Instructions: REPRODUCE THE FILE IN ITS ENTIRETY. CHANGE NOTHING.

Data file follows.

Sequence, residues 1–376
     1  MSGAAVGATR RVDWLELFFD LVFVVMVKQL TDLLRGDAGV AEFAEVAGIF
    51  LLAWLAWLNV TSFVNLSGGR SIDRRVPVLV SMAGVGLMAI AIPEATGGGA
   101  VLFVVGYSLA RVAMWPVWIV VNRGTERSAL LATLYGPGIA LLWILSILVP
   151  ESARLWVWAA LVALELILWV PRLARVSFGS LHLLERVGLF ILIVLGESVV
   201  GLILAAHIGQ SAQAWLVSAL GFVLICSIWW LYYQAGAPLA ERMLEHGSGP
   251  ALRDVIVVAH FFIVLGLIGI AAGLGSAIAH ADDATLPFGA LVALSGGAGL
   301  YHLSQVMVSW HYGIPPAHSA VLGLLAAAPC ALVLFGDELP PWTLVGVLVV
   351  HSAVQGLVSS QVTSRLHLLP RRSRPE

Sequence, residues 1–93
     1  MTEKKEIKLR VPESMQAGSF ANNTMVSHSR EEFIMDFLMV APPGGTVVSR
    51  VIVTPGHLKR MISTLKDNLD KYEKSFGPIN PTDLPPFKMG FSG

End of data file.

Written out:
Sequence, residues 1–376
     1  MSGAAVGATR RVDWLELFFD LVFVVMVKQL TDLLRGDAGV AEFAEVAGIF
    51  LLAWLAWLNV TSFVNLSGGR SIDRRVPVLV SMAGVGLMAI AIPEATGGGA
   101  VLFVVGYSLA RVAMWPVWIV VNRGTERSAL LATLYGPGIA LLWILSILVP
   151  ESARLWVWAA LVALELILWV PRLARVSFGS LHLLERVGLF ILIVLGESVV
   201  GLILAAHIGQ SAQAWLVSAL GFVLICSIWW LYYQAGAPLA ERMLEHGSGP
   251  ALRDVIVVAH FFIVLGLIGI AAGLGSAIAH ADDATLPFGA LVALSGGAGL
   301  YHLSQVMVSW HYGIPPAHSA VLGLLAAAPC ALVLFGDELP PWTLVGVLVV
   351  HSAVQGLVSS QVTSRLHLLP RRSRPE

Sequence, residues 1–93
     1  MTEKKEIKLR VPESMQAGSF ANNTMVSHSR EEFIMDFLMV APPGGTVVSR
    51  VIVTPGHLKR MISTLKDNLD KYEKSFGPIN PTDLPPFKMG FSG